|The Freeman’s Journal|
Cooperstown’s Ashley Norwood Cooper touches up a painting in her Lake Street attic studio.
Cooperstown artist Ashley Norwood Cooper has a strong solo show of 18 casein-on-board paintings, “Homebodies,” at the East Gallery of the Earlville Opera House. These pictures are part of the resurgence of narrative, representation and pictorial beauty in painting. They are resonant with half-told stories and rich with mystery.
They demonstrate a fascinating relationship to what in the past has been considered a traditional, often-scorned woman’s subject, domestic life. Her statements about her work may sound modest: “I try to paint life in a small town as thoroughly and honestly as I can. We live with our families, protected from the elements in houses built on the bones of the past.” She finds that “mundane details are fraught with mystery and meaning.”
But the paintings have something powerful and not at all modest to say. Houses have been cut away so that we see simultaneously the ordinary and the terrible intrusions created by nature, accident and danger. These are not paintings removed from real life, located in some distant arena of action. They are the places where we live and die, where transformation is continually happening. Their middle-class interiors remind me of a poem by Mary Jo Salter in which “hidden in the house a fine / crack – nothing spectacular, / only a leak somewhere – is slowly / widening to claim each of us.”
The entire world functions as a kind of doll’s house, where we are allowed to see into the earth or through private walls. The bones of a bear seem to stir, longing to attack a heavy-racked deer that lowers its head to drink from a child’s wading pool in the dream-like “Night Secrets.” Not knowing that mystery is only a few walls away, a man and woman embrace inside the house. Here and elsewhere bones of the past remind us of the scope of time, that it is large and that our lives in the shelter of homes are small.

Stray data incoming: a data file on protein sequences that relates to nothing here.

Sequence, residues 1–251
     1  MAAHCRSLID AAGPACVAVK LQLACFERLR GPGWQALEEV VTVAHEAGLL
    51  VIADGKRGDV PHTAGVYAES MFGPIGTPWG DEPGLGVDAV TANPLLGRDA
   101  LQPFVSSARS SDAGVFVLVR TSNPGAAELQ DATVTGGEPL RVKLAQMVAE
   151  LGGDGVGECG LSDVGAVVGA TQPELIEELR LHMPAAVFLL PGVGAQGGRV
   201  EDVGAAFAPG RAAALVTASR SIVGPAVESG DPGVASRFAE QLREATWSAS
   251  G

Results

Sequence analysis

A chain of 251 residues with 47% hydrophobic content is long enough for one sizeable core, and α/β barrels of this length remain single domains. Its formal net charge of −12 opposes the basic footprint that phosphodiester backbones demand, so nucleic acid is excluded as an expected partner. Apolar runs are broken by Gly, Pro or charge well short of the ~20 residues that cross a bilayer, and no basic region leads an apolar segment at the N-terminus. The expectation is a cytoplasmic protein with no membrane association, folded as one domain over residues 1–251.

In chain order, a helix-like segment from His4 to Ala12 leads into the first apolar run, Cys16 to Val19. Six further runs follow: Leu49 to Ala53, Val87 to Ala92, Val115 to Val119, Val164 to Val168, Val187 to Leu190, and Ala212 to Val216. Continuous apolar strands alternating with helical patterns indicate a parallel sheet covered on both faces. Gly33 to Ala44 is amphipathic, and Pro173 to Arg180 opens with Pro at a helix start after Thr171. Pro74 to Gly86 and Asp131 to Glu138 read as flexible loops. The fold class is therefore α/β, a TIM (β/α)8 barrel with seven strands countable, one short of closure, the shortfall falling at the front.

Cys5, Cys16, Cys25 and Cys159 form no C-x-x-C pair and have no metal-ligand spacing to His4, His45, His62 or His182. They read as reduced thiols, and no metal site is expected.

In “Light as a Feather, Stiff as a Board,” my favorite of the paintings, children play an occult game down in the basement, lifting a girl into the air with only two fingers from each hand. Weird light spills onto her face; her mouth is open, and she is in the grip of something ecstatic. What have these children conjured? The gold and green gleams shed from a streetlight through a basement window and the face of the half-thrilled, half-horrified child are uncanny.
That uncanniness is contagious. It infects the entire house as well as the yard and street glimpsed outside, where bats jitter and swarm in the twilight. A figure leaving a car seems strangely vulnerable to the open air. Upstairs, reflected eerily in a big-screen TV, a naked man stoops, seeking to get into bed with his wife, who has stiffly ensconced herself in the very center of the bed, her body as pale and cold as the sheets. Outside, a skeleton under the ground gropes upward, as if awakened by the séance game and wishing to snatch at life.
The figures in “The Bear,” Ashley Cooper’s most recent work on exhibit at Earlville, show signs of wanting to escape the dimensions of her current paintings. They have grown large and suggest that the artist is looking for bigger rooms to inhabit. She is looking for generous studio space where she can work on a larger canvas and has ideas about a new project. It will be interesting to watch where she goes from here.
In the cut-away interior of “The Bear,” a family is frozen at the moment when a bear knocks over the aluminum garbage can outside – awakened, caught up, and alarmed. Picasso once said that we see a painting better when it’s not hung tidily on a nail but is hung crookedly. These paintings are crooked in just such a way: their human occupants are snared in the moment when things go awry. Life is illuminated by strangeness and is suddenly more real and intense than it was a moment before.
Ashley Norwood Cooper is an artist with a vocation, one that we locals ought to support with our attention and time and, yes, money. From now through May 14, pay a visit to her work at the Earlville Opera House, a model for arts programs in our area.
|Ashley Norwood Cooper’s latest work, “The Bear,” is among 18 paintings displayed at the Earlville Opera House through May 14.|
Marly Youmans’ eighth book is just out – a collection of poetry, “The Throne of Psyche” (Mercer University Press, April 2011.)